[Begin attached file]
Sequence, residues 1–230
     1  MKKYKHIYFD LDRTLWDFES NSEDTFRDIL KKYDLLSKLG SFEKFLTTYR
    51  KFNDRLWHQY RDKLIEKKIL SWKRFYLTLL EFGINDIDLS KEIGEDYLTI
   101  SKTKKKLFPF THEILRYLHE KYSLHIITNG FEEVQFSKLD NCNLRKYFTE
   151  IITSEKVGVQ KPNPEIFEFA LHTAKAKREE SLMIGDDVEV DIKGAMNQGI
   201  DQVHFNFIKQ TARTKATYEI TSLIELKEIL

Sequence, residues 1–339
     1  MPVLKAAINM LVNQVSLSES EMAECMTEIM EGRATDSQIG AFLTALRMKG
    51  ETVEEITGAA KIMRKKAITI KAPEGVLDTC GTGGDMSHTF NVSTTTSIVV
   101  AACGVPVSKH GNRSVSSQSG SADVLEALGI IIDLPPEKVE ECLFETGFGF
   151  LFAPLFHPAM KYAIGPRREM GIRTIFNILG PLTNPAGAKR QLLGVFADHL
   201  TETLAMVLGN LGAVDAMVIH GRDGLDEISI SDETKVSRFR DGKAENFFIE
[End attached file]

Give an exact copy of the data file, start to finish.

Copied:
Sequence, residues 1–230
     1  MKKYKHIYFD LDRTLWDFES NSEDTFRDIL KKYDLLSKLG SFEKFLTTYR
    51  KFNDRLWHQY RDKLIEKKIL SWKRFYLTLL EFGINDIDLS KEIGEDYLTI
   101  SKTKKKLFPF THEILRYLHE KYSLHIITNG FEEVQFSKLD NCNLRKYFTE
   151  IITSEKVGVQ KPNPEIFEFA LHTAKAKREE SLMIGDDVEV DIKGAMNQGI
   201  DQVHFNFIKQ TARTKATYEI TSLIELKEIL

Sequence, residues 1–339
     1  MPVLKAAINM LVNQVSLSES EMAECMTEIM EGRATDSQIG AFLTALRMKG
    51  ETVEEITGAA KIMRKKAITI KAPEGVLDTC GTGGDMSHTF NVSTTTSIVV
   101  AACGVPVSKH GNRSVSSQSG SADVLEALGI IIDLPPEKVE ECLFETGFGF
   151  LFAPLFHPAM KYAIGPRREM GIRTIFNILG PLTNPAGAKR QLLGVFADHL
   201  TETLAMVLGN LGAVDAMVIH GRDGLDEISI SDETKVSRFR DGKAENFFIE